In the paper *Search Techniques for Rational Polynomial Orders*,
we solve the two main problems when applying rational polynomial interpretations in practice:

- We develop new criteria to decide when to use rational instead of natural polynomial interpretations.
- Afterwards, we present SAT-based methods for finding rational polynomial interpretations and evaluate them empirically.

For our experiments, the tools were run on Dual Intel Xeons at 2.33 GHz. For each example, we imposed a time limit of 120 seconds (corresponding to the way tools were evaluated in the termination competition 2007).

We use MiniSAT for the SAT solving. The SAT library SAT4J is used to transform general propositional formulas into CNF using Tseitin's algorithm. In principle, any SAT solver which can test satisfiability of CNFs given in DIMACS format can be used by AProVE.

The examples from the paper can be experimented with by clicking on one of the six buttons below:

The column *Yes* shows the
number of TRSs where the termination proof
succeeds. *SucTime* gives the average runtime
for successful examples and *FulTime* gives the average runtime for all
examples.
Clicking on "Full Table" gives the full table with detailed proof output
of the respective tools. The full table also allows to load an individual
example into our web interface.

Setting | Yes | SucTime | FulTime | |
---|---|---|---|---|

Nat | 606 | 1.9 | 2.9 | Full Table |

Rat + Sect. 4.1 | 742 | 3.1 | 15.4 | Full Table |

Rat + Sect. 4.1 + Sect. 3 | 685 | 2.6 | 11.0 | Full Table |

Rat + Sect. 4.2 | 696 | 6.1 | 29.2 | Full Table |

Comparing *Nat* with the other settings shows that
rational polynomials can significantly increase power, but they also increase
runtimes. The comparison of *Rat + Sect. 4.1* with
*Rat + Sect. 4.1 + Sect. 3*
shows
the usefulness of our criteria from Sect. 3: if one applies these criteria, then runtimes are not increased
that much anymore, but (as long as one does not use any other termination
techniques)
one also loses several examples where rational interpretations were needed.
Finally, the comparison with the last setting in the table shows that
the
method of Sect. 4.1 which transforms constraints over the rationals to
constraints over the naturals is preferable to the direct SAT encoding from
Sect. 4.2.

The next experiment compares *Rat + Sect. 4.1* with the existing
constraint-based method [17] for generating rational
interpretations, implemented in MU-TERM. More precisely,
we compare this version (*MU-TERM + [17]*)
with a version of MU-TERM where instead of [17]
one calls AProVE (with the technique of *Rat + Sect. 4.1*)
externally.
Since MU-TERM generates the polynomial constraints and it only calls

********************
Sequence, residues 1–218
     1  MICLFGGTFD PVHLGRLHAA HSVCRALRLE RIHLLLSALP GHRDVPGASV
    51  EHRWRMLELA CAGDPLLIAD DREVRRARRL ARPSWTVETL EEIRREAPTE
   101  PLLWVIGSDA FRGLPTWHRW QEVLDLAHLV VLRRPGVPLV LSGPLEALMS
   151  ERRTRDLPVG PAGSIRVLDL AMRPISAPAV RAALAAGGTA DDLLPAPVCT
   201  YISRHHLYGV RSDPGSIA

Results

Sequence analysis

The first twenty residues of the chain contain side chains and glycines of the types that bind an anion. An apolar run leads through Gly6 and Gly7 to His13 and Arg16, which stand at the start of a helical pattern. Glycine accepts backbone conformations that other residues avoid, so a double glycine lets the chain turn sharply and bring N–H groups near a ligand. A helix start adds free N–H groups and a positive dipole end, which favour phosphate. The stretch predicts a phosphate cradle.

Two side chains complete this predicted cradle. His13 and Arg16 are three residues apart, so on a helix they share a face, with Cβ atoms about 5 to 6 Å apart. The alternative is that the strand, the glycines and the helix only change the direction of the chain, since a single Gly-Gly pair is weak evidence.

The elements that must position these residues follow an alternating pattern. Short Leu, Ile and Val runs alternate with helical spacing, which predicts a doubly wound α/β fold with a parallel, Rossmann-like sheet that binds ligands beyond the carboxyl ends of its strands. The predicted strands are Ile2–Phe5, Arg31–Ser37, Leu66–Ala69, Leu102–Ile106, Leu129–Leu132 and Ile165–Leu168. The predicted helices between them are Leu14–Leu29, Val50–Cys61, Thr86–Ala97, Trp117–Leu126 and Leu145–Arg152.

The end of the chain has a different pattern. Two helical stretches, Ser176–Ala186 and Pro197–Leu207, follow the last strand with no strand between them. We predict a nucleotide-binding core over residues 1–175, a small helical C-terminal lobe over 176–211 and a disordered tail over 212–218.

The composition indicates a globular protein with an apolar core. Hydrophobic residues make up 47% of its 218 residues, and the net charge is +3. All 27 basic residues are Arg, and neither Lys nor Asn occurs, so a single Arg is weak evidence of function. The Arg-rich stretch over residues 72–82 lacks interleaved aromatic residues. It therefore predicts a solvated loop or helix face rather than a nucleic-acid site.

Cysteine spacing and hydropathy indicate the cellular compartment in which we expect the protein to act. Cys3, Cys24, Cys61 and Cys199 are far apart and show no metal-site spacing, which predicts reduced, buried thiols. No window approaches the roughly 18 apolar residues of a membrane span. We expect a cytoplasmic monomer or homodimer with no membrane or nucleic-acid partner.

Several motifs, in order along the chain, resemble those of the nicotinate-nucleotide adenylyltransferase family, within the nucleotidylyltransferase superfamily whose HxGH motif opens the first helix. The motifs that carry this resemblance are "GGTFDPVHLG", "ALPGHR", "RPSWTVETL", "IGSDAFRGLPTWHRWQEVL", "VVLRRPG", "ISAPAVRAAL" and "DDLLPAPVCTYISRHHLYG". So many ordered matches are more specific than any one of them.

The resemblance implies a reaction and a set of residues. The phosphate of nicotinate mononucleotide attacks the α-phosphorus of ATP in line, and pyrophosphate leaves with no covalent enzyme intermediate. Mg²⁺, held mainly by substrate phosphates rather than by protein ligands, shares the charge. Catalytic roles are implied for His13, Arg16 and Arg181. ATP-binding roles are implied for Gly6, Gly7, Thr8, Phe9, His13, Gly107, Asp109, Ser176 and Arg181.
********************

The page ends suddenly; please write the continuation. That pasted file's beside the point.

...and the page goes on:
AProVE with this set of constraints, the implementation of the criteria from
Sect. 3 cannot be used here. In this table, we only ran
MU-TERM on a collection of 79 TRSs from the TPDB. These are TRSs where MU-TERM needs
rational polynomials in order to succeed with the proof.
It turns out that
in spite of the external calls,
the new SAT-based implementation is indeed significantly faster than the
previous
non-SAT-based method of [17].

Setting | Yes | FulTime | |
---|---|---|---|

MU-TERM + [17] | 62 | 10.1 | Full Table |

MU-TERM + Rat + Sect. 4.1 | 65 | 4.1 | Full Table |

Finally, to measure the usefulness of our contributions in full termination provers,
the next table compares the performance of *full* versions of
AProVE on all 2061 examples. Here, many termination techniques are used in addition to
the dependency graph and reduction pair processor. Moreover, there are also
techniques to disprove termination (cf. column *No*).
This is a more
realistic setting than in the first table, because in reality, polynomial
interpretations are just one of many methods applied in termination
tools.

Setting | Yes | No | SucTime | FulTime | |
---|---|---|---|---|---|

AProVE 07 | 1089 | 238 | 3.8 | 29.6 | Full Table |

AProVE-Rat-Full | 1119 | 238 | 5.2 | 30.4 | Full Table |

AProVE-Rat | 1118 | 238 | 4.9 | 30.1 | Full Table |

The above table shows that the results of the current paper are also useful when
integrating them into such a powerful prover.
*AProVE-07* is the version which participated in the Termination
Competition 2007 (and which won this competition in the category of
TRSs). *AProVE-Rat-Full*
differs from *AProVE-07* by using rational polynomials with the setting
*Rat + Sect. 4.1* and *AProVE-Rat* uses
*Rat + Sect. 4.1 + Sect. 3* instead.
It is interesting to
note that when integrating
rational polynomials into this full version of AProVE, the criteria
of Sect. 3 have very positive effects. In other words, they
reduce the runtimes
and
hardly affect the power.